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Charles Santiago (Klang)

KLANG Member of Parliament (MP) Charles Santiago’s response to the MP Watch: Eye on Parliament project, which asks all 222 MPs six questions.

Name: Charles Anthony Santiago 
Constituency: Klang 
Party: DAP (Opposition) 
Years as MP:
Since 2008 
Government position: None

Party position:
Selangor vice-chairperson

Membership in parliamentary caucus or committee:
Asean Inter-Parliamentary Myanmar Caucus



 Would you support the abolition/review of the Internal Security Act (ISA), in particular the provision that allows for detention without trial? Why or why not?

The ISA must be abolished because it allows detention without trial. It violates international human rights standards and the criminal justice system which states that everyone is innocent until proven guilty. The ISA deprives individuals the right to defend themselves in an open court.

The ISA was instituted as a response to the “insurrection” of the Communist Party of Malaya. However, it has been abused by both the Alliance and Barisan Nasional (BN) to suppress opposition to their rule since independence.

The ISA’s strategic role is to instil fear among the masses and to ensure the Umno/BN hegemony of the country.  

2 Do you think Malaysia should be a secular or an Islamic state? Why?

Malaysia is a secular state. A year after independence, the country’s first prime minister indicated the following:

“I would like to make it clear that this country is not an Islamic state as it is generally understood, we merely provide that Islam shall be the official religion of the state.”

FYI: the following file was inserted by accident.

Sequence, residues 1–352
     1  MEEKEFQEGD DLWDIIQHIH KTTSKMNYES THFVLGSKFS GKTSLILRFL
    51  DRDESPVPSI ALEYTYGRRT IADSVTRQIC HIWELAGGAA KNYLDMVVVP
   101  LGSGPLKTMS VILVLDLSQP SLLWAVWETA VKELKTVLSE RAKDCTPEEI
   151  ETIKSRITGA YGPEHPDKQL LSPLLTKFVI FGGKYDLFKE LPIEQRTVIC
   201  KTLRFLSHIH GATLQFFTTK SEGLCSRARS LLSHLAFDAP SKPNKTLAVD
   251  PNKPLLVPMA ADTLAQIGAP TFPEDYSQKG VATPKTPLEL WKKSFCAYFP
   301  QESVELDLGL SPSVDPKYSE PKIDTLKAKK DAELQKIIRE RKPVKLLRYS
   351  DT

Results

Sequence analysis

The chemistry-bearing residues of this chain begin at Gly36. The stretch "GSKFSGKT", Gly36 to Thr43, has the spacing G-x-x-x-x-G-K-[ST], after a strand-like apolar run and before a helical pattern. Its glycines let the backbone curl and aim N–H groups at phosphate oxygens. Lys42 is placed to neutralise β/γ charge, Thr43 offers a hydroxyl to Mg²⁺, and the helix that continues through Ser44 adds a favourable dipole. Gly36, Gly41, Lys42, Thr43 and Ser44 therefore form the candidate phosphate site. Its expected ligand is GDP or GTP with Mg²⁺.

Academician Joseph M Fernando, citing an Alliance memorandum submitted to the Reid Commission notes that:

“The Umno leaders contended that provision for an official religion would have an important psychological impact on the Malays. But in deference to the objections of the Rulers and the concerns of non-Muslims, the Alliance agreed that the new article should include two provisos: first, that it would not affect the position of the Rulers as head of religion in their respective States; and second, that the practice and propagation of other religions in the Federation would be assured under the Constitution.

“The MCA and MIC representatives did not raise any objections to the new article, despite protests by many non-Muslim organizations, as they were given to understand by their Umno colleagues that it was intended to have symbolic significance rather than practical effect, and that the civil rights of the non-Muslims would not be affected. MacGillivray personally felt that such a provision would be advantageous because the Yang di-Pertuan Agong could at the same time become the head of the faith in the Settlements of Penang and Malacca.

“The Colonial Office, while apprehensive at first, did not object after being assured by the Alliance leaders during the London Conference in May 1957 that they ‘had no intention of creating a Muslim theocracy and that Malaya would be a secular State’.”

The constitutional document clearly states that Malaysia was meant to be a secular state.